Nothing is known to prevent endometriosis, and nothing is known to cure it. Suppressive measures, such as birth control or other controversial hormone therapy, can offer patients relief from their symptoms. "But that's all that it's doing," Guidone says. The disease isn't being treated—just managed.
Birth control is used to make periods shorter, lighter, and more regular, which can help ease the pain. Other hormonal treatment can put the body into a menopausal state, preventing ovulation, menstruation, and the growth of endometriosis—though side effects can include bone loss, depression, and symptoms of menopause like hot flushes and insomnia.
Doctors sometimes recommend women undergo a hysterectomy to relieve their pain. However, according to Guidone, hysterectomies are not a conclusive way to "cure" women of endometriosis, as lesions remaining in other parts of her body will continue to cause pain. And, while not all women who have endometriosis are infertile, a hysterectomy will definitely prevent a patient from having children.
Today, Guidone says, the "gold standard" treatment for endometriosis is the most invasive: laparoscopic excision surgery. During the procedure, a small opening is made in the patient's abdomen. Inserting a laparoscope, a long tube-shaped implement with a light and a camera attached, allows the surgeon to see if and where endometriosis is present, without the need for open surgery. The lesions often appear as dark-colored spots, or cysts filled with dark brown fluid. The surgeon can then cut out the lesions.
Total removal can leave a patient pain-free, but this requires expert skill. According to Guidone, only a handful of surgeons in the US have the expertise to carry out successful laparoscopic surgery, which removes all endometrial tissue without harming a patient's reproductive organs. Their waiting lists can run into months or years.
Once Chloe went on birth control, she felt like her pain was finally under control. She started her undergraduate degree in fall 2013. Six months passed, and she went off birth control, uncomfortable with severe side effects she attributed to the medication. Although she tried not to think about it too much, she feared that, somewhere in her abdomen, rogue tissue continued to grow. She worried the extreme pain would one day return. But ignoring that she had endometriosis meant she could avoid an even more frightening prospect: a world where she would need to undergo surgery and possibly face a lifetime of pain.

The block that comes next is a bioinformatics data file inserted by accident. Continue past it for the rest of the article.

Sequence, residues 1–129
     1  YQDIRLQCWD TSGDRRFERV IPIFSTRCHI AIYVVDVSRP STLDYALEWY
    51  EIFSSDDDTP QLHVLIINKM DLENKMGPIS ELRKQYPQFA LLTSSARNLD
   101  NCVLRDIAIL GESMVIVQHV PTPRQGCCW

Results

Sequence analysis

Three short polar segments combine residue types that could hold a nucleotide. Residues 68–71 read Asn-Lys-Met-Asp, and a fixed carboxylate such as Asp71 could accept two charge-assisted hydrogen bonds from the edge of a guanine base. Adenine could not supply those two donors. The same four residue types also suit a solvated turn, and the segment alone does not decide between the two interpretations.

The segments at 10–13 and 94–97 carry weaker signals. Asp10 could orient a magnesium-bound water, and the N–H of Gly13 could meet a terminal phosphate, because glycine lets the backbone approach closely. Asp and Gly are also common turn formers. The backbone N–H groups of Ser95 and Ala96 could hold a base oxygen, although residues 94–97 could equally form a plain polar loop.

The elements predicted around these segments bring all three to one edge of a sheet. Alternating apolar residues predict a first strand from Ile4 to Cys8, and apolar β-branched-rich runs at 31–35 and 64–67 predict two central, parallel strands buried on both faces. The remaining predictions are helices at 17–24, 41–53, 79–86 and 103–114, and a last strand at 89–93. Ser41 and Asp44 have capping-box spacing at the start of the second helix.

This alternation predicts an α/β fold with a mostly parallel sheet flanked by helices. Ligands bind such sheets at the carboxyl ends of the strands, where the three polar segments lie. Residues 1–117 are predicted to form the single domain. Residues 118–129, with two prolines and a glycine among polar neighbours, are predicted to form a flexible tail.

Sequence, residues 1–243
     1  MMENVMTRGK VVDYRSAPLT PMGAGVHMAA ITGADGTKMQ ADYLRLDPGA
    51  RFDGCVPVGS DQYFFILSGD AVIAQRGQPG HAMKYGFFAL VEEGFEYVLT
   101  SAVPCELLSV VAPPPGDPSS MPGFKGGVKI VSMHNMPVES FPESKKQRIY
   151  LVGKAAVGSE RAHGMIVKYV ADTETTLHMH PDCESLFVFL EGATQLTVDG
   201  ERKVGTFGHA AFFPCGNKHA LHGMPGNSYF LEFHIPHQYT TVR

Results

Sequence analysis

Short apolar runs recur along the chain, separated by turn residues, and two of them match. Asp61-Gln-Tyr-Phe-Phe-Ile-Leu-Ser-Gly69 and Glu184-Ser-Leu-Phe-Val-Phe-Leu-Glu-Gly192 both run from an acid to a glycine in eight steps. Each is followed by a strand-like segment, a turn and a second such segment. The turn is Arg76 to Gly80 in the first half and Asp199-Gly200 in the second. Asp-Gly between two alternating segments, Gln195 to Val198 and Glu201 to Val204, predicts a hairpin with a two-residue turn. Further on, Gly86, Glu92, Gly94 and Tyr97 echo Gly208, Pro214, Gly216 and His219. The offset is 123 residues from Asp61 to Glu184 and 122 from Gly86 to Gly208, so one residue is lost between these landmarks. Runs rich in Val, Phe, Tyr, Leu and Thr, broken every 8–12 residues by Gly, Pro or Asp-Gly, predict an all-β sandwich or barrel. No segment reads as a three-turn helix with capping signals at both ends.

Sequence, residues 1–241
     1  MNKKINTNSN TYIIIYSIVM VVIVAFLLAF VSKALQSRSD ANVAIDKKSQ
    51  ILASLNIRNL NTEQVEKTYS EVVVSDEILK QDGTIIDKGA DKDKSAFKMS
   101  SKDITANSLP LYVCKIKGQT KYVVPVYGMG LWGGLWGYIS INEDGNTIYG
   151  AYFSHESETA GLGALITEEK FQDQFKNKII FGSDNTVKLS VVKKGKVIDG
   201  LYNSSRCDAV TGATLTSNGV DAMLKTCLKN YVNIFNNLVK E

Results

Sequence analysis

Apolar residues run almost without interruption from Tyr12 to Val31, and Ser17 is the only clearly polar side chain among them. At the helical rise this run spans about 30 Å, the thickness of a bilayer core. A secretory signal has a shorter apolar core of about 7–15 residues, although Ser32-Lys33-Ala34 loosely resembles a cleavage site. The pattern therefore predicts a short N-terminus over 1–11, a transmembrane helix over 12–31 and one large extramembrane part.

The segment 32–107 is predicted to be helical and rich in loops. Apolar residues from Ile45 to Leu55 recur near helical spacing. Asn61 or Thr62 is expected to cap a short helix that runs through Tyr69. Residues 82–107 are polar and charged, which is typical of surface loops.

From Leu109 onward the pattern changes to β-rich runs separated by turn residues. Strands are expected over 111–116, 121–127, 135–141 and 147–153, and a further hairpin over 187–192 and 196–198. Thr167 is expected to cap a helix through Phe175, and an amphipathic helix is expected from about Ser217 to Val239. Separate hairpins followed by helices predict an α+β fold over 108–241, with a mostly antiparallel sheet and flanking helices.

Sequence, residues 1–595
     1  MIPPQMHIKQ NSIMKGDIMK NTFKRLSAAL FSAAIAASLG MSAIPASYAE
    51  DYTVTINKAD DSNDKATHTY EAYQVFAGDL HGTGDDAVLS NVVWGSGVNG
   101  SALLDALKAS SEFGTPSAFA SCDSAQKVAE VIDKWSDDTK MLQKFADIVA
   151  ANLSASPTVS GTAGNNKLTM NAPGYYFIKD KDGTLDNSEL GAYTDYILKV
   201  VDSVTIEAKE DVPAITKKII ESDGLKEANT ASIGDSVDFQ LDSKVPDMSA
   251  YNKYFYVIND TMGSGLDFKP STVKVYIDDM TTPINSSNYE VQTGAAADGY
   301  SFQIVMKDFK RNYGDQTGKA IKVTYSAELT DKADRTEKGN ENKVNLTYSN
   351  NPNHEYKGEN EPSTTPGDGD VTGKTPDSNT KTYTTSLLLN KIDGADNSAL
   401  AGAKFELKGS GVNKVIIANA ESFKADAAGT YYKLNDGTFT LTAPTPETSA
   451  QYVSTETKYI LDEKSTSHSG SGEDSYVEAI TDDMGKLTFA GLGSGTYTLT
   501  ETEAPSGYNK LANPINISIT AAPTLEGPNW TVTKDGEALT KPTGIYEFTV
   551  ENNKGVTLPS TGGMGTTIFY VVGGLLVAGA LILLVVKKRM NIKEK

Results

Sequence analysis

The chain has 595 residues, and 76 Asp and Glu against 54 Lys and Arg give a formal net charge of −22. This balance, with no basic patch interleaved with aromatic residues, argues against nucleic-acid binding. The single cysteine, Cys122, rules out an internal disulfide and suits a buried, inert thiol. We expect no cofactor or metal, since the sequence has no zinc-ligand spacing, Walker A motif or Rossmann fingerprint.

"That was something I didn't want to get involved with," she says. "So I went on with my life and pretended like everything was OK, like everything was normal."
Chloe was able to convince herself this was true throughout college, and for a brief while afterwards. She took up a job at her college admissions office, with a benefits package that included excellent medical coverage. She enjoyed the job, she loved her colleagues, and she was a hardworking employee. But without fail, each month brought stronger cramps, which started earlier in her cycle.
She didn't want to believe her symptoms were returning. But now she was in near-constant pain. The symptoms she used to experience around the time of her period had stretched to ordeals lasting two, then three weeks—and now there was no relief. Plus, she had begun to feel strange shooting sensations, tingling, and numbness in her left leg.
One morning, curled up on her office chair with a blanket and heating pad, she snapped at a co-worker. It was so out of character that she agreed—finally—to call a hospital advice line. They told her to go straight to the E.R. To Chloe, it felt like a defeat. In the hospital parking lot she refused a wheelchair, and convinced her co-worker to let her go in alone. She wanted to be in control. But she also wanted relief.
In the months after that hospital visit, she took three fruitless trips to the E.R., where a pelvic exam and CAT scan confirmed she had cysts on her ovaries but couldn't show endometrial lesions. She was prescribed pain medication, but her life felt unmanageable, and she could barely function. In summer of 2016, she finally told doctors she wanted surgery. Within weeks, her OB/GYN agreed that she needed a laparoscopy to confirm the presence of endometriosis and, if it was there, to remove what they could find.
The laparoscopic procedure is classified low-risk, but Chloe was terrified when she arrived at the hospital before sunrise last September. It wasn't the surgery she was afraid of. Instead, one thought plagued her: They could go in there and not find a damn thing.
As she lay naked on the hospital gurney and cocooned in a warming blanket, members of the surgical team loomed over her, one by one, to ask her to repeat what was about to happen. A nurse arrived and injected something into Chloe's IV. There was no sting, no pill. Just the cushion of a deep slumber, as everything went blank.